Thursday, December 1, 2016

HFVBT Presents - Seth Margolis on Blog Tour for - The Semper Sonnet from December 1-30



The Semper Sonnet
by 
Seth Margolis


Publication Date: April 19, 2016

Diverson Publishing

eBook & Paperback; 374 Pages

Genre: Historical Fiction/Mystery/Thriller

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In this stunning thrill ride, perfect for fans of Dan Brown and Steve Berry, a long-lost manuscript, written for Elizabeth I, holds the key to unlocking the past—and to eliminating the future.

Lee Nicholson is ready to take the academic world by storm, having discovered a sonnet she believes was written by William Shakespeare. When she reads the poem on the air, the words put her life in peril and trigger a violent chase, with stakes that reach far beyond the cloistered walls of academia.

Buried in the language of the sonnet, in its allusions and wordplay, are secrets that have been hidden since Elizabethan times, secrets known only to the queen and her trusted doctor, but guessed at by men who seek the crown and others who seek the world. If the riddles are solved, it could explode what the world knows of the great Elizabeth I. And it could release a pandemic more deadly than the world has ever imagined.

Lee’s quest for the answers buried in the sonnet keeps her one step ahead of an international hunt—from the police who want her for murder, to a group of men who will stop at nothing to end her quest, to a madman who pursues the answers for destructive reasons of his own.

As this intelligent thriller moves back and forth between Tudor England and the present day, Lee begins to piece together the meaning behind Shakespeare’s words, carrying the story to its gasp-out-loud conclusion.

“Imaginative plotting and depth of character distinguish this centuries-spanning thriller…”—Publishers Weekly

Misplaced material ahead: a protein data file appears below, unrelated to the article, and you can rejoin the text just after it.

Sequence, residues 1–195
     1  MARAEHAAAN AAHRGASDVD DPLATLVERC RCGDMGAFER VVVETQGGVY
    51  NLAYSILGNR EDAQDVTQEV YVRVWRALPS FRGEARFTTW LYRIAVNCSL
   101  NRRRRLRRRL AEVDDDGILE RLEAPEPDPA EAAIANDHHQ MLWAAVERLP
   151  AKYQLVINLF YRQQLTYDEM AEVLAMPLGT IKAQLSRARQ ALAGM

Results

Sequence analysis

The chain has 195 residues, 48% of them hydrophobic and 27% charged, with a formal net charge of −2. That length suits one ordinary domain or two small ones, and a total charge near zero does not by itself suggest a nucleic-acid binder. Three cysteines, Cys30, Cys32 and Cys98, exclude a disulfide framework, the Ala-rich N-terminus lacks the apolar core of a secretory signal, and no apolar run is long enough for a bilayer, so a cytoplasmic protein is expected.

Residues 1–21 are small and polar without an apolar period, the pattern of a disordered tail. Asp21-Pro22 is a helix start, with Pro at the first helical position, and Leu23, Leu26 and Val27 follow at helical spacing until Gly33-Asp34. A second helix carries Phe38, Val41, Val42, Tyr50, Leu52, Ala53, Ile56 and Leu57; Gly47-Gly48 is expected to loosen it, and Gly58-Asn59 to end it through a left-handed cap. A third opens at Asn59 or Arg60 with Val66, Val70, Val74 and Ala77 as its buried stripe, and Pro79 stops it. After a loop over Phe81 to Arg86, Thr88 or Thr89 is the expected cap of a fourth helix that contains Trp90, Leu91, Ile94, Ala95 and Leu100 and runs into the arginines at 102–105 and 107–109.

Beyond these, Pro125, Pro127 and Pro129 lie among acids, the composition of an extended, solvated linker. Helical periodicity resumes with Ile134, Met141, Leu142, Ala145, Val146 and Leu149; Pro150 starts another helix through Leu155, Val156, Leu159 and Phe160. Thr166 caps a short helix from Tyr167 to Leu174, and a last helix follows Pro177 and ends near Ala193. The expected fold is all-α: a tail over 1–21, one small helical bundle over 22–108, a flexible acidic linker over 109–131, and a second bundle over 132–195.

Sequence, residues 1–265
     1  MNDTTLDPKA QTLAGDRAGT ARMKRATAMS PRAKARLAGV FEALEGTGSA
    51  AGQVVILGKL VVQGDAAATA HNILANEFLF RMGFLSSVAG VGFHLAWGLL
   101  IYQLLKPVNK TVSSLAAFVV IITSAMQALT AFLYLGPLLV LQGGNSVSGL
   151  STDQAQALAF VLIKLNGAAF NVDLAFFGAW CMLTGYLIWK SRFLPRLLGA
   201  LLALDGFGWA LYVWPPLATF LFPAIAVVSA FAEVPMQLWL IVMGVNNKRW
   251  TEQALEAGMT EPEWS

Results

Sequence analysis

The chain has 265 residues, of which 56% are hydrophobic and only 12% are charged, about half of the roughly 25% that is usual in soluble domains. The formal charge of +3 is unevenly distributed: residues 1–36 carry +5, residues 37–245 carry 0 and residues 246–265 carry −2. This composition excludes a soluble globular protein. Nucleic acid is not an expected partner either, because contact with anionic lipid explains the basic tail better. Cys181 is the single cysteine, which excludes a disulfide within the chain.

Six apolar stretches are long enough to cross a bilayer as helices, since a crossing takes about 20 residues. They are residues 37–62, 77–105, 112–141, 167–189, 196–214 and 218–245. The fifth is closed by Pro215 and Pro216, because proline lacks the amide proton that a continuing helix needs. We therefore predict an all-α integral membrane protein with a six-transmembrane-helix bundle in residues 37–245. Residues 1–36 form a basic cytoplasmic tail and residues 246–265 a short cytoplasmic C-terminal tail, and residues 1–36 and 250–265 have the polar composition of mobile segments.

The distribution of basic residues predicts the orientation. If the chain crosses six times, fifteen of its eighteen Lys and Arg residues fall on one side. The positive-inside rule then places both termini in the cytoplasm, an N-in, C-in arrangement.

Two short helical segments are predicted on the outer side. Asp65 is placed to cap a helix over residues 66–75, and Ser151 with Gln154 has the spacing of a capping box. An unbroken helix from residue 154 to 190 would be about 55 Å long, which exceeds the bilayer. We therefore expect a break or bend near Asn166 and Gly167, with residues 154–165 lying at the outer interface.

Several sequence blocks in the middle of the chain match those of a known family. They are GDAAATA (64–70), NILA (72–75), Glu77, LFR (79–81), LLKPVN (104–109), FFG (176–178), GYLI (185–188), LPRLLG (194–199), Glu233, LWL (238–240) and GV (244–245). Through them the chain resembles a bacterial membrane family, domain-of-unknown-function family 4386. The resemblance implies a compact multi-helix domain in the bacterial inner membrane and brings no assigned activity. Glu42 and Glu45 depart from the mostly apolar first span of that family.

“The Semper Sonnet is a wildly imaginative thriller that fans of Dan Brown and Steve Berry will love.”—Phillip Margolin, New York Times bestselling author

“This provocative and knuckle-biting thriller will have you on the edge of your seat as it careens through the hallowed halls of academia into the turbulent past. Hold tight to your farthingales: this is a roller-coaster ride of a book!”—C.W. Gortner, international bestselling author of The Last Queen


About the Author


Seth Margolis is a writer whose most recent novel, THE SEMPER SONNET, was published on April 19. He is the author of six earlier novels, including LOSING ISAIAH, which was made into a film starring Halle Berry and Jessica Lange.

Seth lives with his wife, Carole, in New York City. They have two grown children, Maggie and Jack. Seth received a BA in English from the University of Rochester and an MBA in marketing from New York University’s Stern School of Business Administration. When not writing fiction, he is a branding consultant for a wide range of companies, primarily in the financial services, technology and pharmaceutical industries. He has written articles for the New York Times and other publications on travel and entertainment.

For more information, please visit Seth Margolis’ website. You can also find him on Facebook, Twitter, and Goodreads.

Blog Tour Schedule

Thursday, December 1
Blog Tour Kick Off at Passages to the Past

Friday, December 2
Spotlight at The Never-Ending Book

Saturday, December 3

Monday, December 5

Tuesday, December 6
Spotlight at The Lit Bitch

Wednesday, December 7

Thursday, December 8
Spotlight at Susan Heim on Writing

Friday, December 9

Monday, December 12
Review at 100 Pages a Day

Wednesday, December 14
Review at JulzReads

Thursday, December 15
Guest Post at JulzReads

Friday, December 16
Spotlight at Books, Dreams, Life

Monday, December 19

Wednesday, December 21
Spotlight at A Literary Vacation

Tuesday, December 27

Wednesday, December 28

Thursday, December 29

Friday, December 30
Review at Broken Teepee




Post by Vielka Helen - Princess Eboli





Sunday, October 30, 2016

HF Virtual Book Tours Presents : The Cover Reveal for : THE FORTUNE TELLER by Gwendolyn Womack



Cover Reveal
The Fortune Teller
By 
Gwendolyn Womack


Release Date: June 6, 2017

Picador USA

eBook & Paperback; 320 Pages

Genre: Fiction/Romantic Suspense

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FROM THE AWARD-WINNING AUTHOR OF THE MEMORY PAINTER COMES A SWEEPING AND SUSPENSEFUL TALE OF ROMANCE, FATE, AND FORTUNE.